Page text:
September 8, 2014

The older I get, the less tolerance I have for binary views of the world.

I won't belabor the general point. This is just Baseball Joe, for gosh sakes.

But I bring this up today because I just read Andy Martino's abject dismissal of the notion that if Derek Jeter were a better team player, the ultimate team player, he would have volunteered to hit lower in the batting order than his customary second.

Martino's chief evidence is some quotes from Raul Ibañez, including

“Players, in my experience, don’t walk into the managers’ office and demand to hit anywhere in the order,” says the 42-year-old Ibanez, in town with the Kansas City Royals. “That would be a very uncommon thing for somebody to walk into the managers’ office and say, hit me here. The lineup is not made by the player. The lineup is made by the manager. It is not the player’s responsibility.”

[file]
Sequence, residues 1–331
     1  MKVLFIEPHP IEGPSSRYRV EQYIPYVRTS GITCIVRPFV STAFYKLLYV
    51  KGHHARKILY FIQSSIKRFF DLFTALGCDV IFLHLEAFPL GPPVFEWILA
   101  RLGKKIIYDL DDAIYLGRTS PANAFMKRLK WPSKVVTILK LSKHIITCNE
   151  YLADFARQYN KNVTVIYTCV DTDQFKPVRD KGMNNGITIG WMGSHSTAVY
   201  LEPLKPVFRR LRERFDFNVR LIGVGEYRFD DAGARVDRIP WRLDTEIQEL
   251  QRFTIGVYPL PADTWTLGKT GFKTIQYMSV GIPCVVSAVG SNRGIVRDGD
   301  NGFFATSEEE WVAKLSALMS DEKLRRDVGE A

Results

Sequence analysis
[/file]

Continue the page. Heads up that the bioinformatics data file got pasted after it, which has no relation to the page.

Well, okay. Managers making pitching changes, too. That doesn't mean pitchers don't ask to stay in the game, or ask to be removed. Players, in my experience of reading about players, often make requests or volunteer to do things. Granted, for all we know, Jeter went to Girardi months ago and graciously said he would be happy play wherever and whenever asked. If so, it's Girardi's fault for keeping a guy with a .308 on-base percentage in the second slot all season long.

But my beef here isn't with Martino or Ibañez or Girardi. My beef is with the notion that Derek Jeter is perfect. Martino offers a number of other quotes from Ibañez, and a nice one from Capuano, too. Just about EVERYBODY acknowledges that Jeter's been a great team player, a great leader. I acknowledge it. What I don't acknowledge is Derek Jeter's or anyone else's perfection. Does Jeter have no weaknesses at all? Is it truly impossible that he's been selfish for a few moments of his tremendous career, and that those moments of selfishness cost the Yankees a win or two?

Of course it's not impossible. Because Derek Jeter is actually a human being with some of the same foibles the rest of us mortals must deal with every day.